Why Can't I Speak Spanish?: The Critical Period Hypothesis of Language Acquisition
"Ahhhhh!" I yell in frustration. "I've been studying Spanish for seven years, and I still can't speak it fluently."I enjoyed this, because I'm attempting to learn Spanish, and I've been reading a lot about the differences in the ways children learn a 2nd language, compared to the ways adults learn. Both can be successful, but it's important to find the right approach, particularly for adults, I think. Read the whole thing, for the many embedded footnotes and reference links.
"Well, honey, it's not your fault. You didn't start young enough," my mom says, trying to comfort me.
Although she doesn't know it, she is basing her statement on the Critical Period Hypothesis. The Critical Period Hypothesis proposes that the human brain is only malleable, in terms of language, for a limited time. This can be compared to the critical period referred to in to the imprinting seen in some species, such as geese. During a short period of time after a gosling hatches, it begins to follow the first moving object that it sees. This is its critical period for imprinting. (1) The theory of a critical period of language acquisition is influenced by this phenomenon.
This hypothetical period is thought to last from birth to puberty. During this time, the brain is receptive to language, learning rules of grammar quickly through a relatively small number of examples. After puberty, language learning becomes more difficult. The Critical Period Hypothesis attributes this difficulty to a drastic change in the way that the brain processes language after puberty. This makes reaching fluency during adulthood much more difficult than it is in childhood.
Noam Chomksy suggests that the human brain also contains a language acquisition device (LAD) that is preprogrammed to process language. He was influential in extending the science of language learning to the languages themselves. (4) (5) Chomsky noticed that children learn the rules of grammar without being explicitly told what they are. They learn these rules through examples that they hear and amazingly the brain pieces these samples together to form the rules of the grammar of the language they are learning. This all happens very quickly, much more quickly than seems logical. Chomsky's LAD contains a preexisting set of rules, perfected by evolution and passed down through genes. This system, which contains the boundaries of natural human language and gives a language learner a way to approach language before being formally taught, is known as universal grammar.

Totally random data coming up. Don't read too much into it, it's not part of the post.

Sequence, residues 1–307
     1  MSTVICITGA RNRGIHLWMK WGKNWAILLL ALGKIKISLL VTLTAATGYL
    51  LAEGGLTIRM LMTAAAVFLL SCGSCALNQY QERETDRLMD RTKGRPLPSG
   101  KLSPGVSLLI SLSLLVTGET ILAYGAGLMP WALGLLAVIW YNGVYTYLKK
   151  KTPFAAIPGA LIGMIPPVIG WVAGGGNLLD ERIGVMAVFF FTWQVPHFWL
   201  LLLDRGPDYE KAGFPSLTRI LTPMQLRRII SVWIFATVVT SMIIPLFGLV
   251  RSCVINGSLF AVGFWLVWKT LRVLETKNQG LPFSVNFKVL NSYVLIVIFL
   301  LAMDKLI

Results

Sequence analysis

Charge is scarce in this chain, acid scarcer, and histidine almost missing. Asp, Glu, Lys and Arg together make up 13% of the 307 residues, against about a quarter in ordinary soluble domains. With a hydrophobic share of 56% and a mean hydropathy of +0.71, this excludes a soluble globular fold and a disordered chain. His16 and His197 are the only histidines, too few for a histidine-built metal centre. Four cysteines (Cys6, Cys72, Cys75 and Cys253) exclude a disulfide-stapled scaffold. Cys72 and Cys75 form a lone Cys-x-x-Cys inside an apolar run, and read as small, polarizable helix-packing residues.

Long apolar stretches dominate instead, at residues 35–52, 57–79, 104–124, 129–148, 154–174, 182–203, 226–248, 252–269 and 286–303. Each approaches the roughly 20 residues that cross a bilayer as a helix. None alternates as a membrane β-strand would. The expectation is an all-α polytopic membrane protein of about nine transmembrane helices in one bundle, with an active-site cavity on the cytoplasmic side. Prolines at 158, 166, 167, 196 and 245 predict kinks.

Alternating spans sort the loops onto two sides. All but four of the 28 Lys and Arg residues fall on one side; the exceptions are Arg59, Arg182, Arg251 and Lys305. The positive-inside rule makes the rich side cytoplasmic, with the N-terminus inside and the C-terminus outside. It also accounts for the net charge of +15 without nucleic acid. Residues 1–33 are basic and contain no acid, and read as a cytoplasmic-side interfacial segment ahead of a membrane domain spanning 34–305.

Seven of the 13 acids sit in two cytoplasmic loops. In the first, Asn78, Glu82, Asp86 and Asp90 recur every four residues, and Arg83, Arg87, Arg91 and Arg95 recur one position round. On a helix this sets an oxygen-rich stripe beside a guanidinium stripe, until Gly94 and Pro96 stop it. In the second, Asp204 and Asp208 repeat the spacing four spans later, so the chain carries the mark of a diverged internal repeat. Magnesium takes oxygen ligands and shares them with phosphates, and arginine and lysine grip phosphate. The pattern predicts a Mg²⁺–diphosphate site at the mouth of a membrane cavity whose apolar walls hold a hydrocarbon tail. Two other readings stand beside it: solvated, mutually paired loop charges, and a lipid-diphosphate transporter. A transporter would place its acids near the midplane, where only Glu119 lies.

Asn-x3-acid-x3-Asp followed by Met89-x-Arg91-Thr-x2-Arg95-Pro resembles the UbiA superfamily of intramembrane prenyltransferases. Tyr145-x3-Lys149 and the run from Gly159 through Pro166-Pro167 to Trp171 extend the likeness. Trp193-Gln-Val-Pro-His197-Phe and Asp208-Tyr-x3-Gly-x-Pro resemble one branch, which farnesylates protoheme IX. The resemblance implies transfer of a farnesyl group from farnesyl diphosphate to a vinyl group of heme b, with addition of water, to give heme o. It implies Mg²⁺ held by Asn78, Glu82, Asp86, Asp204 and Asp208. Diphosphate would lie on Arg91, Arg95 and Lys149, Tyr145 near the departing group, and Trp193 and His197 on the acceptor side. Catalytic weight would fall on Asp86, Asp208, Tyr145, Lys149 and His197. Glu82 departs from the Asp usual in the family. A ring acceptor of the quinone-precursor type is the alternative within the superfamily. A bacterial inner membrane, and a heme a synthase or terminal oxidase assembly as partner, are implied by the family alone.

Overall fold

The common grammatical units of languages around the world support the existence of universal grammar: nouns, verbs, and adjectives all exist in languages that have never interacted. Chomsky would attribute this to the universal grammar. The numerous languages and infinite number of word combinations are all governed by a finite number of rules. (6) Charles Henry suggests that the material nature of the brain lends itself to universal grammar. Language, as a function of a limited structure, should also be limited. (7) Universal grammar is the brain's method for limiting and processing language.
A possible explanation for the critical period is that as the brain matures, access to the universal grammar is restricted. And the brain must use different mechanisms to process language. Some suggest that the LAD needs daily use to prevent the degenerative effects of aging. Others say that the brain filters input differently during childhood, giving the LAD a different type of input than it receives in adulthood. (8) Current research has challenged the critical period altogether. In a recent study, adults learning a second language were able to process it (as shown through event related potentials) in the same way that another group of adults processed their first language. (9)
So where does this leave me? Is my mom right, or has she been misinformed? The observation that children learn languages (especially their first) at a remarkable rate cannot be denied. But the lack of uniformity in the success rate of second language learning leads me to believe that the Critical Period Hypothesis id too rigid. The difficulty in learning a new language as an adult is likely a combination of a less accessible LAD, a brain out of practice at accessing it, a complex set of input, and the self consciousness that comes with adulthood. This final reason is very important. We interact with language differently as children, because we are not as afraid of making mistakes and others have different expectations of us, resulting in a different type of linguistic interaction. [...]
And if you think you are too old to learn a 2nd language, you should read these links too:
Why adults are better learners than kids (So NO, you’re not too old)
The linguistic genius of adults: Research confirms we’re better learners than kids!
Breaking Down the Language Barriers